CHANGES to Facebook's data usage rules will allow the company to share users' details with Instagram, the photo-sharing app.
Facebook included the change in a proposed update to its hefty data usage document, which said that data "from our affiliates or our advertising partners", would be used to "tell us information about you" and "improve the quality of ads."
Instagram, a photo-sharing service for smartphone users, is one of Facebook's most significant affiliates, and was acquired by the social network in October for around $715 million (£448 million).
The change will allow Facebook to build more complete profiles of its users - and target advertisements - using people's personal data from its social network and from Instagram.
Facebook has more than a billion registered users and Instagram counts 100 million devotees who use the app's distinctive "filters" to take photographs from their phones which then appear on a public feed.
In January, Google similarly said it would combine users' personal information from across its products including search, email and the Google+ social network.
Facebook's data usage document, which runs to 16 pages, also proposes scrapping a 4-year old process that had allowed the social network's users to vote on changes to its policies and terms of service.
Previously, if 7,000 comments were made on a proposed change to the site's service this triggered a vote by users who could strike down unpopular sitewide policies.
Facebook proposes to replace voting with regular Q&As with the company's chief privacy officer Erin Egan and webcasts about privacy and security.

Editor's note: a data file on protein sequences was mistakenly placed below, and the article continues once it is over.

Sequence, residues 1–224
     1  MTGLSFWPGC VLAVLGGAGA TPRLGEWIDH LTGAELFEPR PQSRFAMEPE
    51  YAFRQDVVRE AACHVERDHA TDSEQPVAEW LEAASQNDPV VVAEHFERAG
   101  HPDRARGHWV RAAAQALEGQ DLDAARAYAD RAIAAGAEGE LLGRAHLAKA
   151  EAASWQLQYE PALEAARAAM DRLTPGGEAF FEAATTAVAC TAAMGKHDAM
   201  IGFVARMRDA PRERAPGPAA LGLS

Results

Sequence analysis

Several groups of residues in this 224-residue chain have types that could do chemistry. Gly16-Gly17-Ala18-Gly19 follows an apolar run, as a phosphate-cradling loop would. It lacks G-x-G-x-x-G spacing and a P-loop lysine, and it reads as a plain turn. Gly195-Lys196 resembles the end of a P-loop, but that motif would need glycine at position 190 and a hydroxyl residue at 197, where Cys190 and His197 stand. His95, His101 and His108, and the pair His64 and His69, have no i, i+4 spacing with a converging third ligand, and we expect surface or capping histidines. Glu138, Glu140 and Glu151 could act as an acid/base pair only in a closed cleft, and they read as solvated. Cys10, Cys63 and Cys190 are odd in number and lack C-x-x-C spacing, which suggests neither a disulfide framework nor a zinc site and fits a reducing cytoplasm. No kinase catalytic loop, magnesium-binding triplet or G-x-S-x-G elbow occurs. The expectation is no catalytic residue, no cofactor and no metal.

Elliot Schrage, Facebook's vice president of communications, public policy and marketing, said the voting mechanism "incentivized the quantity of comments over their quality," as the reason for its removal.
The social network also wants to loosen the restrictions on how members of the social network can contact other members using the Facebook email system, eliminating a setting for users to control who can contact them.
The company said it planned to replace the "Who can send you Facebook messages" setting with new filters for managing incoming messages.
Asked whether such a change could leave Facebook users exposed to a flood of unwanted, spam-like messages, Facebook spokesman Andrew Noyes said that the company carefully monitors user interaction and feedback to find ways to enhance the user experience.
"We are working on updates to Facebook Messages and have made this change in our Data Use Policy in order to allow for improvements to the product," Mr Noyes said.
Jennifer O’Mahoney Telegraph.co.uk